Study: Waning pandemic could still create new child care deserts in Cuyahoga County

Virus Outbreak Child Care
Posted at 4:43 PM, Apr 06, 2021
and last updated 2021-04-06 18:54:18-04

CLEVELAND — The process to come out of this pandemic is picking up steam, but some fear it may be too late for the backbone of our economy.

Despite vaccination rates rising rapidly, there's growing concern about child care facilities rebounding from the coronavirus.

“It is basically the workforce behind the workforce,” said David Smith.

At Smith’s Horizon Education Centers, boys and girls are cracking open books and playing with blocks, but there are far fewer of them than before the pandemic.

“Right now, we have enrollment around 1,100 kids,” said Smith.

Horizon and its 11 centers serving parents in Cuyahoga and Lorain counties can accommodate 2,000 children.

“The biggest challenge we have right now is staffing,” said Smith.

However, without teachers, this non-profit provider will remain stuck at 60% capacity.

Smith said that is not sustainable.

“It’s been a perfect storm with costs up, enrollment down and staffing sidelined — it’s been very difficult to make ends meet,” said Smith.

Horizon, like most daycare facilities, has been struggling to keep its doors open.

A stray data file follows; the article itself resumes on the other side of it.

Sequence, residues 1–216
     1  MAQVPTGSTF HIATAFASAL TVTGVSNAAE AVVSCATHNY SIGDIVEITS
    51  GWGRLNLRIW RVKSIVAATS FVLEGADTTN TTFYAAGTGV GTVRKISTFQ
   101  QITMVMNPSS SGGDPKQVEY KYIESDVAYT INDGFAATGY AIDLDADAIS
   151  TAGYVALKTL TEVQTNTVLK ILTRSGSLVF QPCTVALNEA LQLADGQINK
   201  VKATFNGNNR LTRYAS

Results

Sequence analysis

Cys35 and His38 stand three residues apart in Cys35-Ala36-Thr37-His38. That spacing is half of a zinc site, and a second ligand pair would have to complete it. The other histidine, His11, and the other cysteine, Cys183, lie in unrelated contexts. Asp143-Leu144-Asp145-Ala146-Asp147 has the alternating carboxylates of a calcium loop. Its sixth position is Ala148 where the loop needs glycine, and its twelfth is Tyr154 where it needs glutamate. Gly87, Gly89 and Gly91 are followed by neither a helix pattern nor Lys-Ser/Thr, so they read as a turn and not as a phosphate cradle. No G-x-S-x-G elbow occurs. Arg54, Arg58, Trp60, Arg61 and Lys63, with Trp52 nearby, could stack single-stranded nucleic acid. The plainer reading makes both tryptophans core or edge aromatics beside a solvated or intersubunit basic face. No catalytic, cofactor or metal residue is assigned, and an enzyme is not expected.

Horizon Education Center is hosting three job fairs in the coming weeks to help fill positions and is even offering a $500 sign-on bonus. See details about the job fairs below, head to or call 440-779-1930 to learn more.

Flyer for a series of upcoming job fairs for Horizons Education Centers.

“The State of Ohio and federal government have put a lot of money into child care, but if we don’t get our enrollments back up to 90%, we’re not going to be around anymore,” said Smith.

A new study just released pulls back the curtain on the impact of COVID-19 on child care in Cuyahoga County.

"What we learned from this study is the effects are not uniform,” said Meghan Salas Atwell.

Salas Atwell, along with other researchers at Case Western Reserve University, discovered that between September 2019 and September 2020, the number of children 5 and younger enrolled in childcare in the county plummeted 43% while capacity at facilities dropped 29%.

The Center on Urban Poverty and Community Development found women and communities of color experienced the biggest challenges in the loss of daycare options.

"We can use this information so that we can be smart about recovery and strategic and do it in a way that's equitable,” said Salas Atwell.

The team at Case found that this under-enrollment caused by the pandemic could threaten the survival of many local providers and possibly create new child care deserts.

"The sustainability of our child care delivery system is critical and it's fragile. It's a tenuous system that's been that way well before the pandemic and then you have this huge shock to a system that's that fragile it's going to have a hard time recovering,” said Salas Atwell.

Smith said the clock is ticking as they try to recruit the staff they need to stick around well after this pandemic ends.

“If we don’t get up to 90% in the next 14 months it’ll be devastating to us, as well as many child care centers across the state,” said Smith.